All MOTHER EARTH NEWS community bloggers have agreed to follow our Blogging Guidelines, and they are responsible for the accuracy of their posts. To learn more about the author of this post, click on their byline link at the top of the page.

The Truth About Mini Pigs

Juliana Piglet

We raise pet Juliana Pigs on our farm, commonly referred to as ‘mini pigs’ or ‘tea cup pigs’. Juliana pigs are the smallest breed of pig, typically light gray in color with black spotting. It all started a little over a year ago when my husband surprised me with a baby boar for my birthday. It was instant love for this adorable boy.

Baby Boar

About six months later, we had the opportunity to adopt a female from a family whom she had gown too big for. The female came to us very overweight and in dire need of a hoof trim. But she had a great temperament and she was happy. Long story short, she was put on a strict diet, got her hooves trimmed up and lost a lot of weight. Once she was a much healthier pig many months later, we allowed our male and female to breed and had our very first litter born.

Newborn piglets

So while our Juliana’s may not meet the breed standard for size and height to be registered, they are purebred, they are amazing pets and we love them. So are you ready for the truth about mini pigs? Here’s what owning them entails and what to really expect when bringing home a pig to join your family.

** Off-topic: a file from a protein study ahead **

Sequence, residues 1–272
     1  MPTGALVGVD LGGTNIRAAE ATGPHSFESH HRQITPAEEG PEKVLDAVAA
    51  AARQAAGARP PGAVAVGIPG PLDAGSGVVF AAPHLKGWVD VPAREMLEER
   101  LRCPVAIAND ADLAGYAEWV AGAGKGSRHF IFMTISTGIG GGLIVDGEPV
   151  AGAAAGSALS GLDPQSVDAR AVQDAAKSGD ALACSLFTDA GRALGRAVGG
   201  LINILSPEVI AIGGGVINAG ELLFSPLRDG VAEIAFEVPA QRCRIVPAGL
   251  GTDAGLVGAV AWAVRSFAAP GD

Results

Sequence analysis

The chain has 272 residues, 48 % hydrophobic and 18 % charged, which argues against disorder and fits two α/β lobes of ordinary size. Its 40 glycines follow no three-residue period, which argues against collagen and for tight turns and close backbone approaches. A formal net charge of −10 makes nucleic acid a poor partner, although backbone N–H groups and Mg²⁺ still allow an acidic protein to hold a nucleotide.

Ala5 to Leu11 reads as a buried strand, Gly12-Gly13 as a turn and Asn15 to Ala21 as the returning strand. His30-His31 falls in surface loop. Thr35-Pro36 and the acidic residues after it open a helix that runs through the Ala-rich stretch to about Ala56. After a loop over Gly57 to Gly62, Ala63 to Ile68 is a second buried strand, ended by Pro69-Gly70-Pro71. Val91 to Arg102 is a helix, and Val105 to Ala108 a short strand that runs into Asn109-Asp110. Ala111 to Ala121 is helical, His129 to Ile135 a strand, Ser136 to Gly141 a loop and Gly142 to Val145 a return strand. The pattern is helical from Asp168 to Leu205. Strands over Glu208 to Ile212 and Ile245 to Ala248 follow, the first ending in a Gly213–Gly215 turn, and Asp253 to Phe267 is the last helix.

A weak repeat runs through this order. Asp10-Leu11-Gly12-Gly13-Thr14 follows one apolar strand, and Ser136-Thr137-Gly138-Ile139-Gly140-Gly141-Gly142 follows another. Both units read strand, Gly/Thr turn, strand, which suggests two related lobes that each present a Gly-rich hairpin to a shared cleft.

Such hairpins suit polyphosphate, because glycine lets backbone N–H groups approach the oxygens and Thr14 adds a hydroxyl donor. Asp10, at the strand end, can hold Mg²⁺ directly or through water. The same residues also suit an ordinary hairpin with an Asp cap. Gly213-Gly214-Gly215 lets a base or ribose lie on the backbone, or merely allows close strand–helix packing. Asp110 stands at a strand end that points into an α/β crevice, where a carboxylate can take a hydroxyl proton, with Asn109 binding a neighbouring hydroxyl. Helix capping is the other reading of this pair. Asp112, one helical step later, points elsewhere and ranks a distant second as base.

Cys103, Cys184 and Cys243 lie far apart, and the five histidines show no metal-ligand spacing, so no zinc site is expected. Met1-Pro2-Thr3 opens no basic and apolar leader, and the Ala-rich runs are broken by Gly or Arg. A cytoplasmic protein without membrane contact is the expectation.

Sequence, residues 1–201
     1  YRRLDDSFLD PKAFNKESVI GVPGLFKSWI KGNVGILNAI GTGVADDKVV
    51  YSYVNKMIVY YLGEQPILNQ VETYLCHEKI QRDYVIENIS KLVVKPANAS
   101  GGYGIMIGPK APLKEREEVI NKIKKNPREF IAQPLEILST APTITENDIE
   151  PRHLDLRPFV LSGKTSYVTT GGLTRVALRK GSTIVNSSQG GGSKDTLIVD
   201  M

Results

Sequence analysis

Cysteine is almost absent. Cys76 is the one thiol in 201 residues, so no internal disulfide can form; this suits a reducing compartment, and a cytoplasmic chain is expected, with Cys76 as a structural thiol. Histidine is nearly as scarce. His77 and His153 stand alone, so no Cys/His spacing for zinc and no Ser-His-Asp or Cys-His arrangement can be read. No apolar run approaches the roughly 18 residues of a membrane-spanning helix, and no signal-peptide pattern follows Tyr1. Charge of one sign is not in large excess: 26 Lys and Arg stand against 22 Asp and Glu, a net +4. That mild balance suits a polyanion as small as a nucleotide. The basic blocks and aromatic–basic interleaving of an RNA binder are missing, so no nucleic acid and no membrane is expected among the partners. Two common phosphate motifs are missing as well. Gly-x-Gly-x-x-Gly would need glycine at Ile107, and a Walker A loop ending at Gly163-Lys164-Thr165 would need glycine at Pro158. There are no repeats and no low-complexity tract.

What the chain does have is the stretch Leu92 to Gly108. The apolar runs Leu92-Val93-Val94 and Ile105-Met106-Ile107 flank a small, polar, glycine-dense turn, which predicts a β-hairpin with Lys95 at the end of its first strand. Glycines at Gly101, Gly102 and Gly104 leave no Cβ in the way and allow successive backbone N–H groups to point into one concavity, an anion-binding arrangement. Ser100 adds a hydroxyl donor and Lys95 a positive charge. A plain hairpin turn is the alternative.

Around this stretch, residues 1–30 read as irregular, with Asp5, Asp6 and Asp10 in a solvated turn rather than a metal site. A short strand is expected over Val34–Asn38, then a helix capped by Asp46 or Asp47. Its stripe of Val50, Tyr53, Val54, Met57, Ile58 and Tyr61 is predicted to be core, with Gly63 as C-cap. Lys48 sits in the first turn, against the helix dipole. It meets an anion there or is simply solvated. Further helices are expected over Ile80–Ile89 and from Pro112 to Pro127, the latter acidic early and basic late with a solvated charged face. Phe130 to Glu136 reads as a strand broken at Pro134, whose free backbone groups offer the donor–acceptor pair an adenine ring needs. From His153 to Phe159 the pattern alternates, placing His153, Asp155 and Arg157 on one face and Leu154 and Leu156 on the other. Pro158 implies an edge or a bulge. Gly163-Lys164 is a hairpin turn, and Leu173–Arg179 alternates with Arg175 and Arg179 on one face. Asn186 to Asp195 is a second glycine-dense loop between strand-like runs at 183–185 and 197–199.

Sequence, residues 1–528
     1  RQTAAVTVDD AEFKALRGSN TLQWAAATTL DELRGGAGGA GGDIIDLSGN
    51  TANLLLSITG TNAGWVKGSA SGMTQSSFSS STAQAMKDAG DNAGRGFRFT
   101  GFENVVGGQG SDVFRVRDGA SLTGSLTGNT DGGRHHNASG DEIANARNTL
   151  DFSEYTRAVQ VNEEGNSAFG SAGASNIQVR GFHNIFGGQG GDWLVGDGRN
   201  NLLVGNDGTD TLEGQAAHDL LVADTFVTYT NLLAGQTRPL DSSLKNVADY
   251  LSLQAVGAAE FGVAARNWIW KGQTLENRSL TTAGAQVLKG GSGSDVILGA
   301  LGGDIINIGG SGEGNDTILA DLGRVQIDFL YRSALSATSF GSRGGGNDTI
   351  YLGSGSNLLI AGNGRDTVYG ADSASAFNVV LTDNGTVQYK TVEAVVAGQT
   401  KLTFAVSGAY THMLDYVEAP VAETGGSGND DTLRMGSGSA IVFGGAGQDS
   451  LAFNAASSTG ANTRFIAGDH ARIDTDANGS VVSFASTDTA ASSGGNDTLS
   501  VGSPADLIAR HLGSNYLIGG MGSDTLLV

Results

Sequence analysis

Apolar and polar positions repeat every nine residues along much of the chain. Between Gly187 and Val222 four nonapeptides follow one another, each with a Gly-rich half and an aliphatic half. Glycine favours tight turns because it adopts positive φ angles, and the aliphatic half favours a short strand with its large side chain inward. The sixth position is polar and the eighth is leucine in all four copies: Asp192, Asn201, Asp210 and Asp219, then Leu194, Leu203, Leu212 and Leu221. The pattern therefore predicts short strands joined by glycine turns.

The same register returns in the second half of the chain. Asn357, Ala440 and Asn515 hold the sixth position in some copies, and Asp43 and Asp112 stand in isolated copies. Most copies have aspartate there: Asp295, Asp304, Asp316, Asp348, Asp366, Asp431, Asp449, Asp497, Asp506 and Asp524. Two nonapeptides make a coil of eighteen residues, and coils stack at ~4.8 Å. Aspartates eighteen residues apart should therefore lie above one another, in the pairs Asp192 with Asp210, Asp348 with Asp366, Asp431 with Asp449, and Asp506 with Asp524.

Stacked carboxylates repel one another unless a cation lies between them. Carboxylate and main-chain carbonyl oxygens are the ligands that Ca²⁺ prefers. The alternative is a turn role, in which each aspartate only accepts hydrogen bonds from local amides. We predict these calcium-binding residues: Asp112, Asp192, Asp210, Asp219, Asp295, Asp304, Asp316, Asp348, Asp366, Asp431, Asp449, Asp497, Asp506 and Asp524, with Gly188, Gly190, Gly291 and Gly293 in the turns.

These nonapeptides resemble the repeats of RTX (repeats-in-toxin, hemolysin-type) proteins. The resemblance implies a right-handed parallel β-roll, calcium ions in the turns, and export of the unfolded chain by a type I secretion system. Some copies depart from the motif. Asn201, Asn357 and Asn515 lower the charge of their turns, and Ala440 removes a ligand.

All pigs begin life as tiny piglets, and yes they may fit into a teacup...for a day or two. Then they begin to nurse and eat solids and will quickly outgrow that ‘teacup pig’ size that you see displayed in calendars or cute pictures online. Most of their growth will happen within their first year of life, and will continue to grow until about three years of age. A realistic weight for a Juliana Pig is between 40-80 pounds, depending on their diet. Sadly, a full grown Juliana that is 15-20 pounds is likely being underfed. This is a common misconception that leads people to adopt, then when the pig grows larger than expected, they are discarded by their owner at a shelter. When adopting any animal, doing your research is incredibly important to make the best decision for yourself and the animal. A pigs lifespan can be 10-15 years, which means if a pig is the pet for you, you get 10-15 fun filled years with one of the smartest animals out there!